With interactive Spatial Poetics, artists reflect on painful chapter of Japanese-Canadian history

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      The perception of museums is often that they are calm spaces for quiet introspection. But this week, Spatial Poetics XVII: Once Lost will look to turn that stereotype on its head.

      Once Lost brings performance, documentary filmmaking, ceramics, and history together to present a new perspective on Japanese-Canadian history in a one-night presentation at the Vancouver Maritime Museum. The project is a collaboration between the museum and the Powell Street Festival Society, which organizes the largest annual Japanese-Canadian festival in Canada. This year’s festival will take place in early August.

      Actor, writer, and director Mayumi Yoshida was one of the artists invited to collaborate on Once Lost. She moved to Vancouver from Tokyo eight years ago, and says that Once Lost is unlike anything she’s ever done before.

      “Technicalitywise, it’s a different process for sure,” she says. “But the core is always storytelling.”

      The show incorporates the Maritime Museum’s Lost Fleet exhibition, which focuses on the confiscation of nearly 1,200 Japanese-Canadian–owned fishing boats by Canadian officials on the British Columbia coast in 1941. The exhibition features photographs and artifacts as well as several models of Japanese-Canadian–built fishing vessels in its collection.

      The exhibit works as an integral part of Once Lost, with the audience moving around the space and interacting with both the artists and the museum.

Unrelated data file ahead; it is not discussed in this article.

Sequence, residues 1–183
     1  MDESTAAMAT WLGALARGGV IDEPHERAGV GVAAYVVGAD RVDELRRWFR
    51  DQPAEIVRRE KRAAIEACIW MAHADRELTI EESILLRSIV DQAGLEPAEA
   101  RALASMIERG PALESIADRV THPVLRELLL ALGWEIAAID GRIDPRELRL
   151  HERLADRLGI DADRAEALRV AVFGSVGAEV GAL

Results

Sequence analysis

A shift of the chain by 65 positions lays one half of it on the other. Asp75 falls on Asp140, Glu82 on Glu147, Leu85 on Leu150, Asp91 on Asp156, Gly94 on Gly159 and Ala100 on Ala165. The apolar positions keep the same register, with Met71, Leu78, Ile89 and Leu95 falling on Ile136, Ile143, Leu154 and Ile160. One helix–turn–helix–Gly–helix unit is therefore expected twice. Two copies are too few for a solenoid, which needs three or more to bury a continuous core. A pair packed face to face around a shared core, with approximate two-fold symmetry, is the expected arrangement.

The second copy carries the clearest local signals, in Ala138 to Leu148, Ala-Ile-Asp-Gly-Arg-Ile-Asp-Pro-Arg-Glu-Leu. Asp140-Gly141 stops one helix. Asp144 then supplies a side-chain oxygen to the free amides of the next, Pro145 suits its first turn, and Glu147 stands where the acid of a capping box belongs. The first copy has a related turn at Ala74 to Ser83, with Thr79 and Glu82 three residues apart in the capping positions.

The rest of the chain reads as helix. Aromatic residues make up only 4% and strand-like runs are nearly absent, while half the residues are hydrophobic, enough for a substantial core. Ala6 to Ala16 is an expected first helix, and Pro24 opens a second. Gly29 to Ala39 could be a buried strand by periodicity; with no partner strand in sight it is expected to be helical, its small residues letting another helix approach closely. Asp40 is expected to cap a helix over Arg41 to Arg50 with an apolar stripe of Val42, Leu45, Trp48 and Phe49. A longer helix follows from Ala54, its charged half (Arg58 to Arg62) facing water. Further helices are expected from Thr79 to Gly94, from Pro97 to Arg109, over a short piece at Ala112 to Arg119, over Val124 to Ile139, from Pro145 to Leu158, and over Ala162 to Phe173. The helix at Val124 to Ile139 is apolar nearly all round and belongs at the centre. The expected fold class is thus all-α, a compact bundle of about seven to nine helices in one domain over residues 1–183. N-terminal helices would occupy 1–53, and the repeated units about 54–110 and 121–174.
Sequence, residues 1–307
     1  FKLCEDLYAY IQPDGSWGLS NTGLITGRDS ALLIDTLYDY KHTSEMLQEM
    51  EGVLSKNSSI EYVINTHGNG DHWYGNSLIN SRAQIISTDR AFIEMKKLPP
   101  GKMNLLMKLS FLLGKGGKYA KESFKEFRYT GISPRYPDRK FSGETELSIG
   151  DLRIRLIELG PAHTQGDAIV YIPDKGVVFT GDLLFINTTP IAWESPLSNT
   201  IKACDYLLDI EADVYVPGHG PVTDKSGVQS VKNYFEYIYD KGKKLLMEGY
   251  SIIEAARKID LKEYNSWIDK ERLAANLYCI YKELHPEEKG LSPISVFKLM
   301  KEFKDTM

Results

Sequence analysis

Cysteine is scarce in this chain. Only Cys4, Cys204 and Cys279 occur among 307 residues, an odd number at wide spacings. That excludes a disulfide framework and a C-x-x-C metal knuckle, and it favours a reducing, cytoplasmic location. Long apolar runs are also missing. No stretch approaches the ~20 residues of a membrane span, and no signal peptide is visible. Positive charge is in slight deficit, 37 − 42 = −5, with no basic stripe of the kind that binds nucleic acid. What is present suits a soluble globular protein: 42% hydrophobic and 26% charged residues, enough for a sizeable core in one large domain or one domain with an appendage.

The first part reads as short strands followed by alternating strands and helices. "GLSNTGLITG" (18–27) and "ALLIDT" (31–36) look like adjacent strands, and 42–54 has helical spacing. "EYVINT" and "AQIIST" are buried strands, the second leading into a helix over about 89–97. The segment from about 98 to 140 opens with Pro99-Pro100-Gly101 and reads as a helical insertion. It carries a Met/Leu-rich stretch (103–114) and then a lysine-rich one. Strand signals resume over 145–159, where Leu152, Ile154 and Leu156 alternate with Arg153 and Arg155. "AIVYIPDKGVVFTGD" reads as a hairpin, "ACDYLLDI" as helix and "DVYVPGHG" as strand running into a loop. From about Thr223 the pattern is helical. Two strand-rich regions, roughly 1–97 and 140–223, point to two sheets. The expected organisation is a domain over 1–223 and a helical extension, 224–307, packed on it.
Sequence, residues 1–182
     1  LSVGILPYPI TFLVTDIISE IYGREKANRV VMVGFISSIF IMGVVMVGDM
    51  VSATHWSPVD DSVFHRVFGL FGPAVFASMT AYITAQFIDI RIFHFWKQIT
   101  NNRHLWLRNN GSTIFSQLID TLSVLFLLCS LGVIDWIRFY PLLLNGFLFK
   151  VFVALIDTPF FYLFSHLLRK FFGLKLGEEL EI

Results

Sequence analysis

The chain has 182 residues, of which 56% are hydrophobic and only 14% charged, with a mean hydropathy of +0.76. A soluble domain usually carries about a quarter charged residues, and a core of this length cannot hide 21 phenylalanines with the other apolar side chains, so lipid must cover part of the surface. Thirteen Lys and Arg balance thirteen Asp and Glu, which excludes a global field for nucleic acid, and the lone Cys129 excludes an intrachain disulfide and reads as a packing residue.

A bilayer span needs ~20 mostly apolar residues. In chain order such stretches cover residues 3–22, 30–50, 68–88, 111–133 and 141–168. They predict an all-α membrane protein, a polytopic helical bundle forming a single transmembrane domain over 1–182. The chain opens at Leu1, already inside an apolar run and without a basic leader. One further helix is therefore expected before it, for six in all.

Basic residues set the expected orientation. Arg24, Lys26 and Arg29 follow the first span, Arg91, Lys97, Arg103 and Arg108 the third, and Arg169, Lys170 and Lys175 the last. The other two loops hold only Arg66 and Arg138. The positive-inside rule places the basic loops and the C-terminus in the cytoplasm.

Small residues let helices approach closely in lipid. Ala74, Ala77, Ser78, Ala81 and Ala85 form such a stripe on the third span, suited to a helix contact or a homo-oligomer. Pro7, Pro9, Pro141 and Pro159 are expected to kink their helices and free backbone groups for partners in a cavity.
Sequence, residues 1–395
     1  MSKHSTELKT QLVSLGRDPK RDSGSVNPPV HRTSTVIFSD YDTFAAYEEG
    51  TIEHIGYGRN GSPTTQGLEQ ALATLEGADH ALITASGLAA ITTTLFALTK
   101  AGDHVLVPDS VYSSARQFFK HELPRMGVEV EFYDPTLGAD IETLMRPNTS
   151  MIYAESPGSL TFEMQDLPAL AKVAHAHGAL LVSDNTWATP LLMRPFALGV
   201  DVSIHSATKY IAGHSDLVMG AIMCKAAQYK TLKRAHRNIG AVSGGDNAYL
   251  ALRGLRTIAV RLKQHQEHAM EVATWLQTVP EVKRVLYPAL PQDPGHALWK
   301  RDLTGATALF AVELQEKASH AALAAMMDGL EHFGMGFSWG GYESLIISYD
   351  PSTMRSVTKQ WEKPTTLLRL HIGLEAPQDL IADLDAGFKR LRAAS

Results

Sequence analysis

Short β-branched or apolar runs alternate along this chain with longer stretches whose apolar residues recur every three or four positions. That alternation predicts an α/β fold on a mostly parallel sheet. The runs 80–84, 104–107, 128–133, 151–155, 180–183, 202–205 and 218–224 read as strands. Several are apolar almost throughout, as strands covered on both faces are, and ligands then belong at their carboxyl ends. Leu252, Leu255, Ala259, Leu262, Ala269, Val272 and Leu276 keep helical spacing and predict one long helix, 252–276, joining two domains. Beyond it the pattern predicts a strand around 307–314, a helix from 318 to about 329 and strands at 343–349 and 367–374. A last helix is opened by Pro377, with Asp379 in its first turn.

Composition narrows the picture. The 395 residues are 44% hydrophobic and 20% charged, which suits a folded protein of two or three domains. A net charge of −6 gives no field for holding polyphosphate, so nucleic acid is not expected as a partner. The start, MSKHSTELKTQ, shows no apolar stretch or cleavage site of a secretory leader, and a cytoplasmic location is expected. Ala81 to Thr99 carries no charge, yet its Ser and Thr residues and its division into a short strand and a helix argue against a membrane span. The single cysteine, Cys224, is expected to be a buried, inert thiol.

Once Lost is a simultaneous collaboration between artists working in a variety of mediums. Ceramics artist Hide Ebina will showcase pottery works around the exhibition space. Documentary filmmaker Fish will screen a film. Mark Wickstead and Naomi Horii will contribute other soundscapes and visual art.

      Yoshida collaborated with three local actors to provide vignettes based on the museum exhibition.

      “The three of us are going to be living one of the characters, sort of in showcasing the point of view of people from that time,” she says. “My character is actually the present time looking back at what happened.”

      The four actors will recite poetry and monologues from positions around the exhibition space, expressing different perspectives on the lost fleet. Yoshida says she wants the audience to be as involved as possible.

      “We want them to have an immersive experience where the soul of the Lost Fleet exhibit is sort of living in different parts of the museum,” she says.

      Yoshida says that the tragedy of the Japanese-Canadian fishing fleet is relatable to current debates around immigration and how racism can play a role in government decisions. Ultimately, she hopes the many different aspects of the performance will come together to inspire the audience’s curiosity.

      “I hope that they get curious and look further into what it means,” she says. “We’re kind of relying on them to be curious about what they want to learn more about the exhibit and the performers and the art.”

      Spatial Poetics XVII: Once Lost takes place at the Vancouver Maritime Museum on Friday (June 15).